Spectral monumentality and the face of time: virtuality, distortions of scale and asynchrony in post-colonial Hong Kong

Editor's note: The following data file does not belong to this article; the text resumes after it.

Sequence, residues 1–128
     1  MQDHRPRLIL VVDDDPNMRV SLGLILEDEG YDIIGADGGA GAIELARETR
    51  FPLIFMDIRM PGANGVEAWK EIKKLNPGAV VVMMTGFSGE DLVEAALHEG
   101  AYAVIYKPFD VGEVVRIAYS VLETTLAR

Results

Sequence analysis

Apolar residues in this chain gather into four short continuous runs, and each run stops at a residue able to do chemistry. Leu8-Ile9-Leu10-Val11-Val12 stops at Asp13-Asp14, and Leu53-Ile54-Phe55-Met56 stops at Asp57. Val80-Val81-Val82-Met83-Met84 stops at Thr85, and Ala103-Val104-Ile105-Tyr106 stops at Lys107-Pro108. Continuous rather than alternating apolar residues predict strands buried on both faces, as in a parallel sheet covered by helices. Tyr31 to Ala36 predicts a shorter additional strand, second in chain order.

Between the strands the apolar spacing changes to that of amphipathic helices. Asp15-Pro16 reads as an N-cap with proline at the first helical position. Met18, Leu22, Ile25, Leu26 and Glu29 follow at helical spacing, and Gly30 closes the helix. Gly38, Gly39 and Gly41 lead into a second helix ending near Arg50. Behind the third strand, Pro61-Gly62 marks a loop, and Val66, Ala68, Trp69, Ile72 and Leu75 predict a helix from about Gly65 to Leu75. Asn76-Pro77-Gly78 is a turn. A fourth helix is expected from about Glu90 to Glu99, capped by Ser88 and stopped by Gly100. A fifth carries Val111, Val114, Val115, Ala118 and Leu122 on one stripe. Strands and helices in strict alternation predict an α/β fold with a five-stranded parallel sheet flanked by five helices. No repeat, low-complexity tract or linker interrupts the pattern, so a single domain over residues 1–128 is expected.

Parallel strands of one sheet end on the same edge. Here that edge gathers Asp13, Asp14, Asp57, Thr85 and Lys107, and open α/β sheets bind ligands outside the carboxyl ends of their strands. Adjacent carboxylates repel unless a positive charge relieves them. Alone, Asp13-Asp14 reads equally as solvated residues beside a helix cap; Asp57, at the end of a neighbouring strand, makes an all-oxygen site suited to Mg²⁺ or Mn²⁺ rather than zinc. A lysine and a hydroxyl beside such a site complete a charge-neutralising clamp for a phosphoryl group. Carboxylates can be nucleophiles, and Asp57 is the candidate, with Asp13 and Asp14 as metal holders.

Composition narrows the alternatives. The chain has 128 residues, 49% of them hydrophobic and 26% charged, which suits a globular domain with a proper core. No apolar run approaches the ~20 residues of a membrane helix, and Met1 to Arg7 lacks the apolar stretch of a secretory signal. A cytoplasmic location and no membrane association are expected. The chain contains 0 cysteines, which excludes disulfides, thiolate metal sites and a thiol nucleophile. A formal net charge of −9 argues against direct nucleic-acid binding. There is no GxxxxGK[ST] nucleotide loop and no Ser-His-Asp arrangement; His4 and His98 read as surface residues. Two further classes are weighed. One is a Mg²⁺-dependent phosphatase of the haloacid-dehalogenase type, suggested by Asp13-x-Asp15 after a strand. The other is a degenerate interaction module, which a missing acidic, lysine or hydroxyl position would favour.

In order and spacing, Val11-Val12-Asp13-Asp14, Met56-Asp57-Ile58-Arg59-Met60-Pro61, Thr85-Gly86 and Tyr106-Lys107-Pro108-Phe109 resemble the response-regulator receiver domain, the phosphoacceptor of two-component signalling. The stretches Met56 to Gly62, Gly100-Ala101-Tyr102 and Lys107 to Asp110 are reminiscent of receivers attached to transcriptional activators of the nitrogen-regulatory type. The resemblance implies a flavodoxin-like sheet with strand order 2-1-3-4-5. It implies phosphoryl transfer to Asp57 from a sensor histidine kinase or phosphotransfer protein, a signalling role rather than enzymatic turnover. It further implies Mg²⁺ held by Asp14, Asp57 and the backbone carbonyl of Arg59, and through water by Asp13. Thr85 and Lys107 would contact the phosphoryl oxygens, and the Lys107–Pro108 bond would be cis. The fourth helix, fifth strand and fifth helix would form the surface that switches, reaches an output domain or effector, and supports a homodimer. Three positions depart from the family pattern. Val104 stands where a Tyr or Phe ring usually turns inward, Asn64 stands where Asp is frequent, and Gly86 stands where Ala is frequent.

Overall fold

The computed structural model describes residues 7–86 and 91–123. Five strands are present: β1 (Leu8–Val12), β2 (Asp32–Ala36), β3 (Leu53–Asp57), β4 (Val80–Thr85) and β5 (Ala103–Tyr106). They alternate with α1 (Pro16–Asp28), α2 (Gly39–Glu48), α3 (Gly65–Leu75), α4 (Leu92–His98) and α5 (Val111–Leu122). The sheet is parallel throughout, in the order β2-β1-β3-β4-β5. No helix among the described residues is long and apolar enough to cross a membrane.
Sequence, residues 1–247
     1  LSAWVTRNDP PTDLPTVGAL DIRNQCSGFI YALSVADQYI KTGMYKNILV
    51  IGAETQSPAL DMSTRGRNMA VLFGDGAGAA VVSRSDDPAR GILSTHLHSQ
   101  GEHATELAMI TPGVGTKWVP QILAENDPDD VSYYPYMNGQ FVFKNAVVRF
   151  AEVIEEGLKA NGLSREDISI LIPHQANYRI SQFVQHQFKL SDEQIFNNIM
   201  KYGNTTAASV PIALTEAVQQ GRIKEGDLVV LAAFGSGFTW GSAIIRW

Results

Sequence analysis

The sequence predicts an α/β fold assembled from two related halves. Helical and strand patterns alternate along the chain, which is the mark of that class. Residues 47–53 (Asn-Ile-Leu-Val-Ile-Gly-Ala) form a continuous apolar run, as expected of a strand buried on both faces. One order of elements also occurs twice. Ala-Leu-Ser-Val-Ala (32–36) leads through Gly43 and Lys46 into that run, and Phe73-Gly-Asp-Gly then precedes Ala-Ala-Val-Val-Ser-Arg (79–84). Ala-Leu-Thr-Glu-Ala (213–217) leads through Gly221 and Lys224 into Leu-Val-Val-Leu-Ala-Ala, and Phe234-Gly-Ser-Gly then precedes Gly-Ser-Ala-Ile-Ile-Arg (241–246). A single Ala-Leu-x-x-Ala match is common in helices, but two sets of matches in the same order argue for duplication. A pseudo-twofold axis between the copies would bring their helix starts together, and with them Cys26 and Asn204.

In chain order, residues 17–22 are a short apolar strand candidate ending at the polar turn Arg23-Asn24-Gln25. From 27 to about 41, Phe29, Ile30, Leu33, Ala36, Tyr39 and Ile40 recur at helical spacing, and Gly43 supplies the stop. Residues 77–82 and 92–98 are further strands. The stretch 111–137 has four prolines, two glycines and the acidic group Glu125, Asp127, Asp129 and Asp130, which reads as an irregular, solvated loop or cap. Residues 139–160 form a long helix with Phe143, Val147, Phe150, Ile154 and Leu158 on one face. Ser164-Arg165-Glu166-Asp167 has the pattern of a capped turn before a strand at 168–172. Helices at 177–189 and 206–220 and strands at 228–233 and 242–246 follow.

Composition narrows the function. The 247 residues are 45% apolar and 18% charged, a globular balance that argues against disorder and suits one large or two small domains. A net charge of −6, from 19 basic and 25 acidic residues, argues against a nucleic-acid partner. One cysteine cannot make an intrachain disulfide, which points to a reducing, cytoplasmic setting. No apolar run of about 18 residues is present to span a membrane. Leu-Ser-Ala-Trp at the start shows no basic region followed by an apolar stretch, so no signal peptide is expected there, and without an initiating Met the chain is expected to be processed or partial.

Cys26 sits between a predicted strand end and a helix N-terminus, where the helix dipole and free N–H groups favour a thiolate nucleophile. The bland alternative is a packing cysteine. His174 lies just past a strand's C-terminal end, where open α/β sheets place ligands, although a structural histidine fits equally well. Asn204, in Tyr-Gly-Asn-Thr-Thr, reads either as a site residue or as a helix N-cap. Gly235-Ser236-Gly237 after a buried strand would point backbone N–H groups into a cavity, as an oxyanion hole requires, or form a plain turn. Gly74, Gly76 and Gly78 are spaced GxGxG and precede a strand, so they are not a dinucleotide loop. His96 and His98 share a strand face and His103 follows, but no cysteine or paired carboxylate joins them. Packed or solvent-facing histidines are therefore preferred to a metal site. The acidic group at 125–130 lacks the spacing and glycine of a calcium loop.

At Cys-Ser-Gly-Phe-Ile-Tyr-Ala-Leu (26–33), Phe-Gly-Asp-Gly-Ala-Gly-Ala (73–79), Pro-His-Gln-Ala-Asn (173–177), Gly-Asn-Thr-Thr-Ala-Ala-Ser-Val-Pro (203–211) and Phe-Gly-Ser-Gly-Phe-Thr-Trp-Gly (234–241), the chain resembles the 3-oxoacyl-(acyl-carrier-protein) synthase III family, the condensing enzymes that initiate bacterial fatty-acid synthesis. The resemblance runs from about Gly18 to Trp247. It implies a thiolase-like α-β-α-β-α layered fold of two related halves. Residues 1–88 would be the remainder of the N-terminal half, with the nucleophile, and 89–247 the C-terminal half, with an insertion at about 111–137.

For some days and nights before the final Star Ferry service to the old Central terminal on Hong Kong Island in November 2006, crowds gathered to take photographs1 and, in particular, to bear witness to the final clock toll at midnight on 11 November. Estimates put the number on the final day at 150,000 -the scale of a large demonstration (Lai, SCMP, 2007, AI2). On the surface, it was hard to know whether the unprecedented numbers of photographers, both amateur and professional, were like a pack of paparazzi, chasing a celebrity to her death, since there was a sense of waiting for a significant event to occur or the imminent arrival of someone important. In this case, perhaps the ‘important' people ('temporary celebrities'?) were simply those ordinary passengers taking the ferry, continuing to move backwards and forwards across the harbour ，的 testimony to an everyday practice, resisting change, but equally adapting to it and surviving.